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Africa’s Bitcoin regulation is on right track, but there’s still long way to go

Africa’s profile as a significant player in the digital currency industry has continued to grow in recent years. The continent is home to some of the countries that have shown the biggest appetite for Bitcoin, including Nigeria, Kenya, Ghana and South Africa. Despite the continued uptake, regulators have continued to fail the people. However, recent moves in some of the key nations give a glimpse of a bright future for Africa’s digital currency industry.

Nigeria’s Finance Ministry recently announced that it has been working with the Securities and Exchange Commission to formulate a regulatory framework for digital currencies. As CoinGeek reported, the Nigerian government revealed it sees great potential in blockchain technology.

Apart from the promise, the only tangible digital currency regulation in Africa’s largest economy was by the SEC in September. The securities watchdog revealed it had classified digital currencies as securities. This will give investors more protection and assurance, the regulator hopes.

While the promise of upcoming regulations signals a bright future for the Nigerian digital currency industry, it’s simply not enough. 

In South Africa, the Financial Sector Conduct Authority previously categorized digital currencies as financial instruments. I spoke to Angus Brown, the co-founder and CEO of Bitcoin SV wallet Centbee, who has been outspoken on the need for regulations. Angus was one of the panelists at a CoinGeek Live panel on the future of global compliance for Bitcoin businesses.

“The FSCA’s designation of crypto assets as financial instruments has been expected, as the regulators have been consulting diligently with the industry,” Angus told CoinGeek.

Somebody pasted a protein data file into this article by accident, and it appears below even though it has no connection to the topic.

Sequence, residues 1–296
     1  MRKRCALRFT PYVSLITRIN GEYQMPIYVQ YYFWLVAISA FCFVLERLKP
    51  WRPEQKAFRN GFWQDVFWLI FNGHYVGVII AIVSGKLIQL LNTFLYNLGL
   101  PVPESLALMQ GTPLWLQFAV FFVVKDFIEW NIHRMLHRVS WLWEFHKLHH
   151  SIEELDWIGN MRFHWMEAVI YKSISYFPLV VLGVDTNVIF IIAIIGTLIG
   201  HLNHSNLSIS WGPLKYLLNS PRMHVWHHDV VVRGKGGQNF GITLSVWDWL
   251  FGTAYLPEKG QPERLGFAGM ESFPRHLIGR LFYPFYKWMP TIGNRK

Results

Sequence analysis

“The implication is that crypto businesses will need to register as ‘financial services providers’, and will need to meet the same standards as financial advisors and brokers. I support these moves, so long as they do not create an unnecessary or cumbersome barrier for ordinary people to buy or sell modest amounts of Bitcoin SV.”

The proposed rule will also require financial service firms to provide clients with objective information on digital currencies. This will help the clients to avoid the hype and rash speculation, Angus said.

In addition, the new rule will “open the door for clients to include Bitcoin SV in their asset portfolio,” he added. The FSCA will allow a transitionary arrangement, enabling digital currency firms like Centbee to continue serving clients as the rules get integrated.

Angus pointed out that businesses in the BSV ecosystem have continued to set the standard in abiding by regulations and working with the watchdogs.

“In my view the Bitcoin SV community continues to be the most aware of its long-term social obligations, building on a stable technical protocol, establishing standards for interoperability, and working with regulators to ensure compliance.”

He concluded, “Although we [BSV community] may not always like what our regulators require, unlike some in the digital currency community, we do respect their role.”

Watch the Centbee briefing by Lorien Gamaroff and Angus Brown at CoinGeek Live.

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